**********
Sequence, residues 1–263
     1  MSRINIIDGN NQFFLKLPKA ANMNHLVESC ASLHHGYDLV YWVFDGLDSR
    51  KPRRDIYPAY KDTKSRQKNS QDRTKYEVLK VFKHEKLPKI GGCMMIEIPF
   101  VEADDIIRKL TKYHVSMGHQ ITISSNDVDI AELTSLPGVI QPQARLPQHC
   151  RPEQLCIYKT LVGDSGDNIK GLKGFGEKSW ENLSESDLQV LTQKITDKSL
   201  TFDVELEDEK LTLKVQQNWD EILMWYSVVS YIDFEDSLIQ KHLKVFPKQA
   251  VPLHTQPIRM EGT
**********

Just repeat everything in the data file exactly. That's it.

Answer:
Sequence, residues 1–263
     1  MSRINIIDGN NQFFLKLPKA ANMNHLVESC ASLHHGYDLV YWVFDGLDSR
    51  KPRRDIYPAY KDTKSRQKNS QDRTKYEVLK VFKHEKLPKI GGCMMIEIPF
   101  VEADDIIRKL TKYHVSMGHQ ITISSNDVDI AELTSLPGVI QPQARLPQHC
   151  RPEQLCIYKT LVGDSGDNIK GLKGFGEKSW ENLSESDLQV LTQKITDKSL
   201  TFDVELEDEK LTLKVQQNWD EILMWYSVVS YIDFEDSLIQ KHLKVFPKQA
   251  VPLHTQPIRM EGT